I like what Hunter has said about the big brake upgrade but remember
this. He is talking about a Porsche here. Yeah you could genalize some
of it to apply to an M3 but not all of it. What about the upgrade to a
BIg Brake Kit? On a Porsche, why would you want to upgrade. It is like
Greg said in that the 928 uses the calipers of a 993 Twin Turbo. I
cannot fathom why someone would want to upgrade but I know that people
do. I have the Porsche kit on my car and I can tell you that the car
feels well balanced during braking at the track and on the street. As
for a 928 being similar in weight to our beloved M3's it might be but
there are some major differences that can affect this braking balance.
One of them is that the 928 is lighter in the rear than our M3's causing
more of a need for a biasing kit. One thing that you have to remember
about the M3 and the Porsche is that the M3 has a braking deficiency on
the track and the Porsche does not. The M3 loves to cook the brakes
after a couple of laps. Put on a brake kit and now your problems are
fixed. There are plenty of people running one kind of brake kit or
another on their cars, and most of them have never had a problem out of
them. They also do not have the problem of cooking the rotors again.
Do this if you want to see what the difference is: Take a pyrometer and
measure the temps of the M3 brakes and that of one of the Big Brake
Kits. If you are lazy then you can trust Neil Miller as he has already
done this. His findings is the the stock brakes were somewhere in the
mid to high 700 degree range and the M3 with the Porsche kit on the
front was in the high 200 degree range. Now tell me which is bad for
our cars. Now I also know that this does not mean everything as there
are other examples we need to get a firm conclusion here. I do have
them but I can tell you that the Porsche kit is the best engineered kit
on the Market. The rotors, calipers and pads were all designed by
Porsche, the company with the best brakes in the business. What else do
you need to say about that!! Now we can benefit from this engineering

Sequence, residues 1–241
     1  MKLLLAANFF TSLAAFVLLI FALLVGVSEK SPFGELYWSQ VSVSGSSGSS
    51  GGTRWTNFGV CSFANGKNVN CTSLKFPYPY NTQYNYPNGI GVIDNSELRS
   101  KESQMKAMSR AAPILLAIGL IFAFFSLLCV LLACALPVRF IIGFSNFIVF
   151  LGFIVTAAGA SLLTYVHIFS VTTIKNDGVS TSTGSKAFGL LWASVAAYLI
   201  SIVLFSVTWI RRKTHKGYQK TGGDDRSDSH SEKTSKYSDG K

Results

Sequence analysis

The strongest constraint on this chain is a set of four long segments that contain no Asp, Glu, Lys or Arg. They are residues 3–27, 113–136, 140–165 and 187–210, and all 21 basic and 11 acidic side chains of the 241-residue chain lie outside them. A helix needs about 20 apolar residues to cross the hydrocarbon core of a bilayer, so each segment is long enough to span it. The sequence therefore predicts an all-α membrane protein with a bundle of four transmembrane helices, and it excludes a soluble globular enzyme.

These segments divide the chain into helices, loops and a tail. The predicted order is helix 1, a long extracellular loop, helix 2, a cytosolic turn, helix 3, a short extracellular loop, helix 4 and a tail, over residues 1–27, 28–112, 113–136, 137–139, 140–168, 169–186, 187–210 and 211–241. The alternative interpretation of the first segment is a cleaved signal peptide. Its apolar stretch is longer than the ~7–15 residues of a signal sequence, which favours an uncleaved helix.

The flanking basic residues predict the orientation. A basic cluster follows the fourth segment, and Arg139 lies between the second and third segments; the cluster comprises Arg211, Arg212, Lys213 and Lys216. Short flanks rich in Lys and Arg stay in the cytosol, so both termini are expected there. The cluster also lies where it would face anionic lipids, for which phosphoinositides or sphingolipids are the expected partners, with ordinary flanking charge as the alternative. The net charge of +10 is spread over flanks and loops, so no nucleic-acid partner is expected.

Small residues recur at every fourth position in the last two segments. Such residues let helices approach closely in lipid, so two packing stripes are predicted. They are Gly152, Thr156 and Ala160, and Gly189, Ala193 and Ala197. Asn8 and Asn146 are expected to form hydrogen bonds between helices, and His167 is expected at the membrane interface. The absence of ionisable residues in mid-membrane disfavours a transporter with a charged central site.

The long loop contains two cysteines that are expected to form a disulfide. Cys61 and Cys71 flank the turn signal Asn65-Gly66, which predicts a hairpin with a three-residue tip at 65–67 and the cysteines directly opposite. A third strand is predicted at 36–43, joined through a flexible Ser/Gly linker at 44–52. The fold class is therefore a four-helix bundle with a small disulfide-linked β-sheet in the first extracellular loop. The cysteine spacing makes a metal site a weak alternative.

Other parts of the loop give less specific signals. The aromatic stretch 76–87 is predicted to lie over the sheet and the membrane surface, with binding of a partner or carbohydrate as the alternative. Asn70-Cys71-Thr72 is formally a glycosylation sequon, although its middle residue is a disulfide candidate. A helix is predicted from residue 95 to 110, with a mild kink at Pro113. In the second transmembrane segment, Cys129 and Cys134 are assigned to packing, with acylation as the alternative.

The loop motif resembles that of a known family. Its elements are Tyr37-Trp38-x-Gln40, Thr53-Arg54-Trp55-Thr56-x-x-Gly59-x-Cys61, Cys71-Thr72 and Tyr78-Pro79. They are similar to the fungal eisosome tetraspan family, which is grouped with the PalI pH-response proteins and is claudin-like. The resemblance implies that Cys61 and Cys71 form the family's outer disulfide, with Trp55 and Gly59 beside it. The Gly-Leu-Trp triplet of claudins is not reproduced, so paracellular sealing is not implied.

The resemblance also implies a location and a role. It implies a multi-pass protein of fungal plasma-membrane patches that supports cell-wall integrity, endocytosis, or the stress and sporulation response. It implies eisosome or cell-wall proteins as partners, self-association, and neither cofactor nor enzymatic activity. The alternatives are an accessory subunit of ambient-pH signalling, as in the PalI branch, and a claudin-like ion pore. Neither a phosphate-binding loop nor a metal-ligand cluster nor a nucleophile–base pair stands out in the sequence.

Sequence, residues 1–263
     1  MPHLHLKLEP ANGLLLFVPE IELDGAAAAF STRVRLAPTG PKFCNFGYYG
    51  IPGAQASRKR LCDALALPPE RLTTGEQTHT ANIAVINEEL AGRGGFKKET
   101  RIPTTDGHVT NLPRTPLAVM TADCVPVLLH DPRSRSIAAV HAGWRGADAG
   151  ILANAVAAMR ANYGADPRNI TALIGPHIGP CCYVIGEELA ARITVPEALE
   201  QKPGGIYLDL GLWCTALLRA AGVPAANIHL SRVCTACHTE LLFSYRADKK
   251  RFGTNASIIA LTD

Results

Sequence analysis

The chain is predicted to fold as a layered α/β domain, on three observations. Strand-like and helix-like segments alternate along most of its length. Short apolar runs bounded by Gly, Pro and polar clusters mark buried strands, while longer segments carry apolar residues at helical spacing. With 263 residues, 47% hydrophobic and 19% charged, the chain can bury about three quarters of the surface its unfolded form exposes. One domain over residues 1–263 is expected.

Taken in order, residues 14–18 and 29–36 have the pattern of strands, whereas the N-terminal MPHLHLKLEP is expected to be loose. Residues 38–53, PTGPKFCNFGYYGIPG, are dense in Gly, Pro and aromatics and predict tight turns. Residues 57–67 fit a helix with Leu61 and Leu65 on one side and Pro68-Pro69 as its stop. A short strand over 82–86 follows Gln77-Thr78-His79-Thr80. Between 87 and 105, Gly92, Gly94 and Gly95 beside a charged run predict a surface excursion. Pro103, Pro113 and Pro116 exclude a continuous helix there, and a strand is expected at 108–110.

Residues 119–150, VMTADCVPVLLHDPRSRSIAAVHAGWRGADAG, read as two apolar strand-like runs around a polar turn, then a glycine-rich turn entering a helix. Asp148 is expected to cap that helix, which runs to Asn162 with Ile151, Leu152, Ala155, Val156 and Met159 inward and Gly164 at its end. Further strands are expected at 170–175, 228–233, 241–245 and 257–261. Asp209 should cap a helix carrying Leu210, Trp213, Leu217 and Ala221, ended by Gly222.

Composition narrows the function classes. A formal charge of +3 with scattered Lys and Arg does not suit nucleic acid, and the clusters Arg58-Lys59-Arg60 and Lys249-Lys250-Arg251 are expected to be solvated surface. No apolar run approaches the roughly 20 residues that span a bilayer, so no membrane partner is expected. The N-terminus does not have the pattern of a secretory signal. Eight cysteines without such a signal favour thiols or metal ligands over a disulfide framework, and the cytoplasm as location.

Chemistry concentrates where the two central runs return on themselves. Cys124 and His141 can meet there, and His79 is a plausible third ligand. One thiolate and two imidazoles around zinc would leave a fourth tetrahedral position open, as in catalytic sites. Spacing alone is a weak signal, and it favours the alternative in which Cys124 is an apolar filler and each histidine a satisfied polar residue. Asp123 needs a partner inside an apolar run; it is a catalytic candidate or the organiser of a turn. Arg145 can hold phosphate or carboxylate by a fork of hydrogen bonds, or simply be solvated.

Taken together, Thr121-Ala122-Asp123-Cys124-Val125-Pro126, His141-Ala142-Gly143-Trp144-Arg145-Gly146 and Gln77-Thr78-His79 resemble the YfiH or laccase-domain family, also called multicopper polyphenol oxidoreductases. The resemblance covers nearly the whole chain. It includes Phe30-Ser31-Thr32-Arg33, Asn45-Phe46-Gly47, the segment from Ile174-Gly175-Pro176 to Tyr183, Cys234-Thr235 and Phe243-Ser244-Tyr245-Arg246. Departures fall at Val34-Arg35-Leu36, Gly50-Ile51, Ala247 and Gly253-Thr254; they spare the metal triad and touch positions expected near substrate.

on our cars thanks to Quido and Movit.
Re brake postings recently, the Porsche Club of America's Panorama magazine has
unusually excellent articles about preparing vehicles for the track, and over
the past 6 months in particular there have been two articles which were very
informative. I suggest that anyone interested in these contact the PCA to either
get a membership or at least reprints of these articles. I'm sure I can't quote
the article verbatim to the digest, but I think I could give you a few key
points the author of the latest article, titled "Braking Systems, Technology and
the Track". As someone on the digest pointed out about a year ago, Porsche
brakes are perhaps the best production vehicle brakes on the planet (although
the Brembos on Ferraris might be a very close second). However, given the weight
of production cars, even Porsche brakes often fail in near-racing situations. As
background, the author has experience putting his 928 on the track, which is
comparable in weight to our M3s (at 3,400 lbs), so I think some of his comments
might be worth noting.
Re stainless steel brake lines, apparently non-DOT approved lines do not have
strain relief ends which would allow the connections to flex (SS brake lines are
very rigid compared to the factory rubber lines, which bend by themselves and
don't need strain releifs). The author says that he has seen more than one of
these types of failures, and apparently race teams replace these regularly. He
suggests either DOT approved lines or keeping the stock lines.
Re pads, the author runs PF90s on the street (although he doesn't mention the